Lack of proper communication between him and Federation was also something that frustrated Fournier. “The only time I’ve heard from the Federation this year was during a visit from Patrick Beesley (French NT technical director) in Orlando where he told me the dates of the qualifying tournament and Olympics. He didn’t tell me ‘If you do not come in Manila, then you do not come in Rio’. The second time was via an sms by Vincent Collet. It was our only contact outside competitions in the last three years. He was asking me for tickets to a game for his friends. I never closed the door to the French national team but these events sent me a clear message. That I’m not in the project. It’s that simple and it hurts.”

DeMarcus Cousins to play with Team USA in Tokyo 2020?

Cousins, who turned 26 during the Rio Games, wants to return to Team USA. “I’m open to [coming back for Tokyo 2020]. I’ll be older then, so it depends on how my body feels. As of right now, where I’m at, absolutely, I’m open to it,” he said. “I think people don’t understand [how hard this winning is]. They see the guys on the roster and they think automatically, they’re supposed to win. This [international game] isn’t our game. This isn’t the way we play. This is an adjustment for every guy on the roster.

Divac has maintained that Cousins will be a fixture with Sacramento after a tumultuous season that led to the firing of coach George Karl. Has the Olympic experience helped Cousins mature? Divac is banking on that. “[The Olympics] helps international guys but it also helps NBA guys,” Divac said. “You see a different part of basketball. They can pick up some tricks. That’s how I look at it. When I used to play, I loved playing international because it’s more freedom and more ability to improve.”

Colangelo on Sirius XM Radio: “I did have an official when I was on the court after the gold medal award… And this individual who was up there said said, ‘You know, they can’t compete with you, maybe next time you should only use four players’. I bit my tongue and didn’t say anything. We would like to say that we’re good winners and we’re not sore losers. But the point is, we’re not losing. That’s our intent. I’ll just encourage everyone to do as good a job as they can because that’s for sure what we’re going to do.”
3 years ago via ESPN

Duke coach Mike Krzyzewski thought the United States men’s basketball team needed a fight song. So before starting his first practice for the 2008 Olympics as the U.S. national team head coach, he summoned Kevin Cullen, his trusted video coordinator at Duke. Cullen was tasked with putting together a video to the “The Star-Spangled Banner.” But Krzyzewski didn’t want just any old cover of the national anthem. He wanted the video done over Marvin Gaye’s iconic version sung at the 1983 NBA All-Star Game.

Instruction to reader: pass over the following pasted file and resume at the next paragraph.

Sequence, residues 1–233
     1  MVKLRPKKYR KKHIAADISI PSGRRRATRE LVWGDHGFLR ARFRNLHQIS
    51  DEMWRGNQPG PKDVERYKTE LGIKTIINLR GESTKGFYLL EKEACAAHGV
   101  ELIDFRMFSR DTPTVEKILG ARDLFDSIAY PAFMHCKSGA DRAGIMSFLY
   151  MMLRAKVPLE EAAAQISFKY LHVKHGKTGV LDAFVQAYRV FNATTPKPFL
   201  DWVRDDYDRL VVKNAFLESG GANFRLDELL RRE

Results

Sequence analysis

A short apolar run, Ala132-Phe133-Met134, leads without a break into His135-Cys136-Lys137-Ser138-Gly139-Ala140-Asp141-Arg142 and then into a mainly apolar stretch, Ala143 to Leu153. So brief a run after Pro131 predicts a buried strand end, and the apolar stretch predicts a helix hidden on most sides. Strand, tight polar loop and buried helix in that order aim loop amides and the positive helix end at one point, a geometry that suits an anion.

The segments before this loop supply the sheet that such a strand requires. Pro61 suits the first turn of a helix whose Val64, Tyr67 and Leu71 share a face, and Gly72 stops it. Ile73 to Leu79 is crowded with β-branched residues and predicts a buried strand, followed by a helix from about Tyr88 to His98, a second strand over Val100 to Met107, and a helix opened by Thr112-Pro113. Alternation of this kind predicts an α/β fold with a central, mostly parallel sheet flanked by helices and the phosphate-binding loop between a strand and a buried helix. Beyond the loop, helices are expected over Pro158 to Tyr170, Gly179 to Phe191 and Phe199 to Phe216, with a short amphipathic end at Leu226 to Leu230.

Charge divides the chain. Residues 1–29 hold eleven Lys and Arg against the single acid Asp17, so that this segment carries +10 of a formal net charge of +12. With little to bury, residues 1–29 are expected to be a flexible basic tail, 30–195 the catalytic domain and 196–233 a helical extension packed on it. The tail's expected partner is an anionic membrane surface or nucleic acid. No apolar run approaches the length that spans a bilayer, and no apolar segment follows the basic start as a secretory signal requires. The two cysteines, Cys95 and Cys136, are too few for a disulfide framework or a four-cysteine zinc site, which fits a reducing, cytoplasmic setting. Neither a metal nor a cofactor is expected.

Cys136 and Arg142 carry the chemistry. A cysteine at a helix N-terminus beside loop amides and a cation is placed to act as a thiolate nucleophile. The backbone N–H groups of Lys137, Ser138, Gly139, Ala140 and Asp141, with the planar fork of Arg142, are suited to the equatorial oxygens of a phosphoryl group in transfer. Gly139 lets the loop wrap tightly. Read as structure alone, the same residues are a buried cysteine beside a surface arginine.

3 years ago via ESPN

“Melo’s for sure the leader,” Team USA sixth man Paul George offered. “He’s the voice of this team.” “We don’t have enough time,” Colangelo said of the outgoing coach, “to talk about how much he has meant to our program.” Hard as it was to keep track of all the understandable praise flying around, Sunday’s gold-medal dismantling of Serbia was ultimately Durant’s day. He managed to trump the retiring Coach K (who leaves his post with a record of 88-1) and the record-setting Anthony (who became the first men’s basketball player in Olympic history to win three golds) with a performance on par with the 30 points he uncorked in the 2012 gold-medal game in London.

During an emotional summer in which he left behind his first professional franchise, was (mis)cast as a villain for siding with a former enemy and found himself having to defend his character, Team USA provided a much-needed sanctuary. For nearly a month, Durant got to play the game he loves, bond with some new and old friends – and win – without sweating any manufactured controversies or external second-guessing. “It was therapy for me after making a big change in my life,” Durant told The Vertical in the bowels of Carioca Arena 1 about an hour after scoring 30 points in Sunday’s 96-66 victory. “It made my life easier … I knew [a backlash] was coming. It was definitely different for me, but to come here in an environment where people accepted me and didn’t care about anything except being my buddy, that’s what I needed.”

Durant doesn’t like to admit it, but he is sensitive to negative perceptions, and has had to adjust to criticism from fans in Oklahoma City who once cheered him and others who were disappointed that he decided to form a super team with players who eliminated him from the postseason in a heated seven-game series. “I can’t let anybody steal my joy,” Durant said while crediting the presence of Team USA and former Oklahoma City assistant Monty Williams with developing that approach. “Monty Williams used to tell me that every day: don’t let anybody steal my joy. I get joy when I’m out there playing and it went to another level just playing alongside these great players and playing under Coach K and his staff. I focused on that. All that noise around me kind of quieted down.”